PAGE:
By: Ray Weaver, Founder
One of the best pieces of advice I have been given over my life time is that of “Learn to drive past roadkill”.
Here is the analogy:
Have you ever been driving in your car on a hot day? You know, one of those days where is has been extreme temperatures for multiple days in a row. There you sit, driving along in your luxury automobile, air-conditioning keeping the cabin a respectable temperature. The best sing-along-song on the stereo and you are bopping to the music and having a good day. Suddenly you see an animal, that has met its demise by being struck by another automobile sometime prior to your getting to that spot. That is road kill.
Now imagine, the scenario above, multiple hot days in a row, you are driving in your luxury automobile, music, your bopping and singing to the music, etc. However, instead of driving by the dead animal, you decide to get out of the car and walk up to it. As you get closer to it, you can smell the rotting stench. As you get closer, you notice it is has movement, and you realize the movement are the flies and maggots that have begun to digest the rotting carcass. You continue forward, kneel next to it, and take a bite of it. Do you suppose there is a likely probability you will get sick from what you just chose to do?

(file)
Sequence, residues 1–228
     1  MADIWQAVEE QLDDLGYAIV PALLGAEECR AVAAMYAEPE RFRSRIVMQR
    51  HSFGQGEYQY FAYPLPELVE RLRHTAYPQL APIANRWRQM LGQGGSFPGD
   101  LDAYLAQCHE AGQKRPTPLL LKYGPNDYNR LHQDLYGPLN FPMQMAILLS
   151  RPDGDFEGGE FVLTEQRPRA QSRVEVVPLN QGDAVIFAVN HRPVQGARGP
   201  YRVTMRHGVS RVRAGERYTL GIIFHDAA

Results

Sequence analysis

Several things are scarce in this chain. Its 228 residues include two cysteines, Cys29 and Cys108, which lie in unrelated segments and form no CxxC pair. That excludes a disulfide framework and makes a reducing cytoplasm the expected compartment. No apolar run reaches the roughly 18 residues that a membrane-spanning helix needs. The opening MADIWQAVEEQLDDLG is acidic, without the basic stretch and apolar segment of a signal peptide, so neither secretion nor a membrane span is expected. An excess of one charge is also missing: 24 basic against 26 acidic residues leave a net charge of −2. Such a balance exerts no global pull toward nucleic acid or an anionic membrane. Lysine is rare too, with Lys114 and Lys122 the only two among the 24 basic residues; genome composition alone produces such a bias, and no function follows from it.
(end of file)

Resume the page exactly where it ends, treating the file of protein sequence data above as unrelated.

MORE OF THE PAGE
Now, what if your hurts, disappoints, anger and bitterness you are holding on to concerning a coworker or relationship is that roadkill? Do you suppose, if you keep eating on it in your thought life, it will sicken you and stunt your professional and personal growth? It my life, it has an I have learned that is why it is important to let go of your past. Note: I did not say, not to learn from your past; I am saying not to feast on those past hurts, angers, bitterness, and disappointments; because they can and will make your mind sick and you will miss the opportunities set before you today.
It is said, “As a person thinketh, so they shall be”. We have a lot of bad thinking going on and it is divisive, damming and debilitating to individuals, organizations, and communities. What if we start with ourselves and stop feasting on those thoughts (roadkill) that become barriers to our becoming whole and health in our thoughts and actions toward others?